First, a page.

| Abstract|| |
Nephron sparing surgery has seen a phenomenal rise in its application over the past few decades. The use of Surgicel and gel foam for closure of defect created after partial nephrectomy has become a routine practice at many centers. In this case report, we describe radiological artifact secondary to a surgical bolster mimicking a residual disease or an early recurrence in the kidney. This case highlights two facts; first, reapproximation of the renal tissue is best done without the use of Surgicel bolsters. Second, bolsteroma should always be kept in mind as a differential diagnosis in a case where computed tomography (CT) imaging is showing early recurrence. If the surgeon is sure about the surgical margins being negative and the CT image shows a bolsteroma, the patient should be observed and a repeat scan should be done at 3–6 months, which would show regression or disappearance of the lesion proving it to be an artifact rather than malignant lesion.
Keywords: Bolsteroma; partial nephrectomy; Surgicel
|How to cite this article:|
Singh A, Jai S, Ganpule S, Ganpule A. Bolster material granuloma masquerading as recurrent renal cell carcinoma following partial nephrectomy. Indian J Radiol Imaging 2016;26:352-5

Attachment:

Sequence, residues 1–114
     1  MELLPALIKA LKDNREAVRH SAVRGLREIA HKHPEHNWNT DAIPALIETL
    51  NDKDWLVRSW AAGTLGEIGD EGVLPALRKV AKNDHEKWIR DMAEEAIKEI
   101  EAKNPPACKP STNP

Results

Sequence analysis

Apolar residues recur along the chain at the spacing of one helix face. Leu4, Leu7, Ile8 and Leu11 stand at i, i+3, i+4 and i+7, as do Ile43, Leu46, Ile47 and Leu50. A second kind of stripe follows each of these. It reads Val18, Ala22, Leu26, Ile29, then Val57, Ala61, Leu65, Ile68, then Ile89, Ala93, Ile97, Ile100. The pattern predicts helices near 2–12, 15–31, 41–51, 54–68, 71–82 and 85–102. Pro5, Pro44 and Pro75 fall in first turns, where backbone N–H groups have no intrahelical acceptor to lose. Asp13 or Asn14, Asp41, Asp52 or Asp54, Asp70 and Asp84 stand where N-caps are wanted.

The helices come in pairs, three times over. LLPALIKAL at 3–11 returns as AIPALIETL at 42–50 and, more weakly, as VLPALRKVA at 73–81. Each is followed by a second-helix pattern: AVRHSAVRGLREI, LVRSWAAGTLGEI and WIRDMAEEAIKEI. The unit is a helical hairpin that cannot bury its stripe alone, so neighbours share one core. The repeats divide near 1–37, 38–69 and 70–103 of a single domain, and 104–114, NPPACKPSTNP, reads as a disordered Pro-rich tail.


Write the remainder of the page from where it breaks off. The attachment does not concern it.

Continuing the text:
|How to cite this URL:|
Singh A, Jai S, Ganpule S, Ganpule A. Bolster material granuloma masquerading as recurrent renal cell carcinoma following partial nephrectomy. Indian J Radiol Imaging [serial online] 2016 [cited 2020 May 26];26:352-5. Available from: http://www.ijri.org/text.asp?2016/26/3/352/190418
| Introduction|| |
Nephron sparing surgery has seen a phenomenal rise in its application over the past few decades. The concept of vascular control has also seen a paradigm shift. The initial years saw the emphasis on restricting the warm ischemia time to less than 30 min, later the concepts of early declamping and zero ischemia were popularized. Hemorrhage can be an extremely morbid complication in partial nephrectomies and a variety of hemostatic agents have used for controlling bleeding during this procedure. The use of Surgicel and Gel foam for closure of defect created after partial nephrectomy has become a routine practice at many centers.